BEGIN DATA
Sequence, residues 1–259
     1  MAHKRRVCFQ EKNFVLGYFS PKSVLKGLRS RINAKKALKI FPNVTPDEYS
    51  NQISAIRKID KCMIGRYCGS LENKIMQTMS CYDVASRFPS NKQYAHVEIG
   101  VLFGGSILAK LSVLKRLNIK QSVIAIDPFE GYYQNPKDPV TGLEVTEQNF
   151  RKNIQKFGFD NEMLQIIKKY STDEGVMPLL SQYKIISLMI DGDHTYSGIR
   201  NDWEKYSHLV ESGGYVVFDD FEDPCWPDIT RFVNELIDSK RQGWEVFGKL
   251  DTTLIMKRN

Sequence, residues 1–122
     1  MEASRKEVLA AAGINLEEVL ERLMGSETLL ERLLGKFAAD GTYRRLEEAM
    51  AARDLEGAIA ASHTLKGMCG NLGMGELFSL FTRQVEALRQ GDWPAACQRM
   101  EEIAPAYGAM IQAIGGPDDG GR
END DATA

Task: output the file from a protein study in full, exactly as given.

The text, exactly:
Sequence, residues 1–259
     1  MAHKRRVCFQ EKNFVLGYFS PKSVLKGLRS RINAKKALKI FPNVTPDEYS
    51  NQISAIRKID KCMIGRYCGS LENKIMQTMS CYDVASRFPS NKQYAHVEIG
   101  VLFGGSILAK LSVLKRLNIK QSVIAIDPFE GYYQNPKDPV TGLEVTEQNF
   151  RKNIQKFGFD NEMLQIIKKY STDEGVMPLL SQYKIISLMI DGDHTYSGIR
   201  NDWEKYSHLV ESGGYVVFDD FEDPCWPDIT RFVNELIDSK RQGWEVFGKL
   251  DTTLIMKRN

Sequence, residues 1–122
     1  MEASRKEVLA AAGINLEEVL ERLMGSETLL ERLLGKFAAD GTYRRLEEAM
    51  AARDLEGAIA ASHTLKGMCG NLGMGELFSL FTRQVEALRQ GDWPAACQRM
   101  EEIAPAYGAM IQAIGGPDDG GR